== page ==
Advisor Blog | Jan 2024
CD&A Pro Tips for the 2024 Proxy Season
These two key actions can help you maximize the effectiveness of this year's CD&A while minimizing the stress.
Ready or not, it’s a new year, bringing along the promise of a fresh proxy season. It’s time to roll up our sleeves and get another compensation discussion and analysis (CD&A) section of the proxy statement to the finish line.
If you’re not already knee-deep in drafting mode, just the thought of starting can be daunting. And, even if you got a head start, there's probably some heavy lifting still on your to-do list. No matter where you are in the process, and no matter how many times you’ve been through it, crafting a clear and compliant CD&A can feel like putting together a 5,000 piece puzzle against a race clock. But there’s no need to panic. Wherever you stand right now, consider January a critical checkpoint to make sure you and your team are on the right track by doing two key things.
Consider Recent Content Trends
The tone and style of CD&A writing continues to evolve. The key objective is to create clear, cohesive, compelling, and compliant narratives that drive ongoing support for executive compensation decisions, including more transparency in certain areas.
Leadership changes or transitions: Clearly summarizing how pay was delivered to new hires, promoted individuals, and/or exiting executives can be as challenging as determining whose pay needs to be disclosed—especially if special awards were granted or unique severance payments were provided. Readers expect rationale for all of these things and want assurance that any leadership changes will benefit shareholders in the long run.
Business achievements—financial and non-financial: This isn't just a formality; it sets the tone for your pay-for-performance story, intertwining year-end results with compensation decisions.
Good governance practices: A “What We Do and What We Don’t Do” checklist has become CD&A tablestakes, but that doesn’t mean it should remain static—especially when complying with new rules. For example, with the SEC finally adopting the clawback rules of the Dodd-Frank Act, be clear about when the board adopted the new policy and briefly summarize its provisions. (Note that publicly listed companies are required to file their updated clawback polices as exhibits to their annual reports.)
Board responsiveness: Demonstrating responsiveness to a low say-on-pay vote (<80%) is non-negotiable. You must be crystal clear about several things: 1) to whom you reached out (% of shares outstanding); 2) with whom you actually met (% of shares outstanding); 3) the timing of your outreach efforts; 4) who participated in the meetings (e.g., directors, senior management); 5) what you heard (shareholder feedback); and 6) what you did (i.e., changes to respond to the feedback). Failing to include any one of these items in your disclosure heightens the risk of being perceived as unresponsive.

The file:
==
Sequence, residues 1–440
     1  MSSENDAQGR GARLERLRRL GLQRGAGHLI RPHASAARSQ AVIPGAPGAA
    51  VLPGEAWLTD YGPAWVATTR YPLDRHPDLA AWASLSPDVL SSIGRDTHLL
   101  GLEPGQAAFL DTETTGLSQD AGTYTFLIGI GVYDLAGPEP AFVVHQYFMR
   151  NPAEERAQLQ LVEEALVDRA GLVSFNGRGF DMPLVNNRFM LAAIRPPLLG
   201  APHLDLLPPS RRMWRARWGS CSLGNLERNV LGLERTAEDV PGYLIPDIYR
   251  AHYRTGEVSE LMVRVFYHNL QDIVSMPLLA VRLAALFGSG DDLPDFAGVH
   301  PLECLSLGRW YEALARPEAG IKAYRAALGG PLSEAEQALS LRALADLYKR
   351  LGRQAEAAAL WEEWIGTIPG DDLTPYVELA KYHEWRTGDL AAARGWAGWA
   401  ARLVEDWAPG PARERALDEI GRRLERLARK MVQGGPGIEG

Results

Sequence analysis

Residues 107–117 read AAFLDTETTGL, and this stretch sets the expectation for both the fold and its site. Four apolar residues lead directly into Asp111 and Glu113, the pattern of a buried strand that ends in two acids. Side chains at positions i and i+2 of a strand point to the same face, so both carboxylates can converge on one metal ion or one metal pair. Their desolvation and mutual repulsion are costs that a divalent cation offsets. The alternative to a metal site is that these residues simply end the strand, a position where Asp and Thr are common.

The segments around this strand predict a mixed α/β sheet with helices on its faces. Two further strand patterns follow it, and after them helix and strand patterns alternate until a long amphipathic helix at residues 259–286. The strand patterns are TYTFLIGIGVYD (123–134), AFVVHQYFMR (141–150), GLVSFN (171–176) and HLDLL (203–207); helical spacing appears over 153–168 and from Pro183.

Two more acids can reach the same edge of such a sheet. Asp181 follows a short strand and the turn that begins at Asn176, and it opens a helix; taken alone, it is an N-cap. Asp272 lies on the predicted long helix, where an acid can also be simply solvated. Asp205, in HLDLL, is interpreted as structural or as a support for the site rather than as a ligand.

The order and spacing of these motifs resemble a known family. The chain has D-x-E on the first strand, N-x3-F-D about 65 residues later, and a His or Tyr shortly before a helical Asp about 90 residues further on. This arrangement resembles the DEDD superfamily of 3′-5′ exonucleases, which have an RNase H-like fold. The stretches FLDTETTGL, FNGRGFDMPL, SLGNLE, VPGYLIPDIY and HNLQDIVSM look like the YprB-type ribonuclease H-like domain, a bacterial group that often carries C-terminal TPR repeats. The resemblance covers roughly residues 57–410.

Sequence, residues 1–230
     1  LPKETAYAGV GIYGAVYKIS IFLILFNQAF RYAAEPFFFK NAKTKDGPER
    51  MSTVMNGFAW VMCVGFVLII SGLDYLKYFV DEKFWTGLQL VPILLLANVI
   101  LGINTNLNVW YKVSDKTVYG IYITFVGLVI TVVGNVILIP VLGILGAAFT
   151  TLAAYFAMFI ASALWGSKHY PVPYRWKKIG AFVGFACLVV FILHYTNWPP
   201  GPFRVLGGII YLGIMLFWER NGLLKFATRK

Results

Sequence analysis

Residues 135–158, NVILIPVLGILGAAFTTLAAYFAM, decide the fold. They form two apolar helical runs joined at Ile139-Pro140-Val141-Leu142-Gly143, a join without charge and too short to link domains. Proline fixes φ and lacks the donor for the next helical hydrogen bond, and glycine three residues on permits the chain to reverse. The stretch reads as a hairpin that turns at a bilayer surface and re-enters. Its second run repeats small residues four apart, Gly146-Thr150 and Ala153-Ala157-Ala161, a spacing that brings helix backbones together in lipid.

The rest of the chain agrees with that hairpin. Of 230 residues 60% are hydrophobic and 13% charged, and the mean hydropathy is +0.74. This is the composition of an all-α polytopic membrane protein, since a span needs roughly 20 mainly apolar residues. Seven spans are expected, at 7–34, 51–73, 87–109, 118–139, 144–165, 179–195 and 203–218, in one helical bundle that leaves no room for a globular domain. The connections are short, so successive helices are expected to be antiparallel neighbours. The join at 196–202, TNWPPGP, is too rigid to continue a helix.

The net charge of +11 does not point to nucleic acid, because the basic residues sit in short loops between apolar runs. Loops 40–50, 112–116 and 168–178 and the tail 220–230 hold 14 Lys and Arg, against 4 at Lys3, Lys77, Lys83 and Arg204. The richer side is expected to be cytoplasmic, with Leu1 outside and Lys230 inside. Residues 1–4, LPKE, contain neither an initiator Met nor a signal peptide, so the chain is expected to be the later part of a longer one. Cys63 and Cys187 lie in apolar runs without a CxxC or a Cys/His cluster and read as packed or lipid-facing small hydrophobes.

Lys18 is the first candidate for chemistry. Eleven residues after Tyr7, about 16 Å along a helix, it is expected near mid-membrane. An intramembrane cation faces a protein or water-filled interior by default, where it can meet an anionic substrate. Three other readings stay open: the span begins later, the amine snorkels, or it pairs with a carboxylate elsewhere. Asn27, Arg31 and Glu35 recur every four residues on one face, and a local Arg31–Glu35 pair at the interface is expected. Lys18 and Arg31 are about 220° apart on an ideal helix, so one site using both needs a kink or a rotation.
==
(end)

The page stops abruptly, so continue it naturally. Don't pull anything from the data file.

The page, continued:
Shareholder engagement: Even when say-on-pay support is strong, current expectations are that directors are keeping open dialogues with investors on various business matters, including executive compensation, and considering feedback on an ongoing basis. As an example, the recent push for companies to include strategic environmental, social, and governance (ESG) metrics in incentive plans has increased the need to explain how ESG performance aligns with compensation strategies and demonstrates commitments to culture and sustainability.
Goal-setting and performance metrics: Scrutiny of performance goals and metrics has increased in recent years, making it even more important to explain how the board determined incentive plan performance targets—both financial and non-financial. For example, if financial performance targets were set lower than the prior year’s actual results, rationale will be critical. If you have non-financial metrics and/or individual performance goals in your plans, be sure your narrative clearly explains your metrics and rationale for inclusion, how goals are set and assessed, actual performance results, and the impact on award payouts.
Make Sure You Have a CD&A Development Plan
Getting (and staying) organized with a disciplined process will help set you up for success.
Set ground rules: Collaborate and engage with your team regularly. Meetings to discuss comments and decide on inclusions are not just procedural but instrumental in crafting a well-rounded CD&A and ensuring everyone is on the same page.
Stay ahead of the game: Devote consistent time in the coming weeks for drafting and tracking how your narrative needs to evolve based on last-minute decisions. Being proactive will pay off during February and March crunch times.
Plan for next year: Set a reminder for September to start chipping away at your CD&A draft in the fourth quarter of the year. This will help you and your team get clear and aligned on what needs to be updated (and avoid fire drills).
Navigating the CD&A drafting process is never easy. But, by combining strategic content considerations with a collaborative and disciplined process, your CD&A will become a critical source of transparency and trust.